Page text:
Bibhash Gupta: Completely Agree with all your points. Vinita Ullal: British came to rule India, so it is obvious that they would have given their best to exploit India to utmost. But despite that reasoning, they have left behind certain great legacies which cannot be compared to any other contributions by other foreign rulers of India. It is because that Brit took up governing India, that we saw a reawakening among Indians, a factor that should been kept on, alas that hasn't been the case. I don't mean to glorify the British rule in India, but it was the negative factors of the British rule that brought out the best in us. British have taken a hell lot of wealth out of India, but can any amount of wealth give us the Institutions and Institutional structures they have left behind for us, the efforts they have provided to discover and preserve our national heritage? If you were to see modern day politicians or the condition of our heritage, do you think it is better than what the Brits did? I would say it is worse as our own people are looting us today, destroying our heritage with negligence. Brits followed the policy of divide and rule, what are our politicians doing? Is it anything better than what the Brits did? My point is that despite being a foreign ruler, the Brit did much good for us when our own people are destroying us. You may say " we are free today, we are our own ruler" bur are we really? It has become a country of rape and hooliganism, if there is any ray of light, it is soon engulfed in darkness soon. Rare Book Society of India: Napoleon may have been the son of the revolution but he soon defeated that idea when he declared himself the emperor. He may have announced this and that human right codes but would they have been applicable for the Indians? From the application of Le Droit de L'homme by the French, it was understood that these rights only applied to those who were French!One of the most important motive of Napoleon to conquer India was to cut it out from the British, his arch enemy. He had understood that much of British power came from its colonies and India was the greatest contributor. If we see the condition of much of the former French colonies, there isn't much of Legacy that one can really speak of!

By dreaming only he become popular.. see!!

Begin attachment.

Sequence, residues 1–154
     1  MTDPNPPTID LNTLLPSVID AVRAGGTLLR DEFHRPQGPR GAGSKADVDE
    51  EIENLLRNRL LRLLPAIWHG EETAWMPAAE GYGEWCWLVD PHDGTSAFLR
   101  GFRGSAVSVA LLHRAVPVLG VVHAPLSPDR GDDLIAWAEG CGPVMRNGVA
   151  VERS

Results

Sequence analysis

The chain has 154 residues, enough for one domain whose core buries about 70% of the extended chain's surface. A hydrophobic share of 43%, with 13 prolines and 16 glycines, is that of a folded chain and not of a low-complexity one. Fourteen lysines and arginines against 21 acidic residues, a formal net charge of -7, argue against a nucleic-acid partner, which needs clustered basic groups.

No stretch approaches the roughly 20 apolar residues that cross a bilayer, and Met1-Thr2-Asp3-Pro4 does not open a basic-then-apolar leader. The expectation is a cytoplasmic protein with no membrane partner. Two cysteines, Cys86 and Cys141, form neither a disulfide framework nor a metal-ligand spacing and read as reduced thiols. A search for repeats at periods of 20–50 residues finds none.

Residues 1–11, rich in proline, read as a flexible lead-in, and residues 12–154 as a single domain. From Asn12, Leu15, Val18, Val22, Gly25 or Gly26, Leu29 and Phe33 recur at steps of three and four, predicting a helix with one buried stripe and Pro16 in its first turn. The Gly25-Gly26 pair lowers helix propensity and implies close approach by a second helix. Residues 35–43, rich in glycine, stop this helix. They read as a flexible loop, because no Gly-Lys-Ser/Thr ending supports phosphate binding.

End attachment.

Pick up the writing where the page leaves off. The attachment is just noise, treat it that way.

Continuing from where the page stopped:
@Avijeet, why not give credit to India and its people for doing whatever good they have? If the British left any lasting legacies, it was not because they were philanthropists, but because they used those very same institutions themselves, to rob us blind. . India had a golden age under the Mughals , who incidentally were Muslim. Art, literature, culture all thrived under them. Is it wrong to think this would have not continued without the British? Couldn't change have happened organically without all the brutality and enslavement of colonization? It's a very slavish mentality (fostered by the British) that makes us think that they were responsible for any good that is presently in India. We need to get rid of that slavish mentality and to stop being like well-trained dogs! Every country goes through periods of turmoil for long periods after becoming independent. Read the violent history of the United States. With all its problems and extreme poverty, India is a shining beacon of democracy and has been a stellar example of tolerance and openness for thousands of years.

We have to thank the Rajputs and Marathis for keeping the Mughals on its toes. Their resistance, prevented an Islamic India. The positive impact of caste system is the Kshatriya class ( warriors ) breed men with strong determination and character, made them to think, that they are born to fight. The British were more just compare to the Mughals.

@Sankarshan, The negative impact of the caste system is the brutality inflicted for millennia, on millions and millions of helpless individuals through no fault of their own. I guess to you, that is preferable to an Islamic state!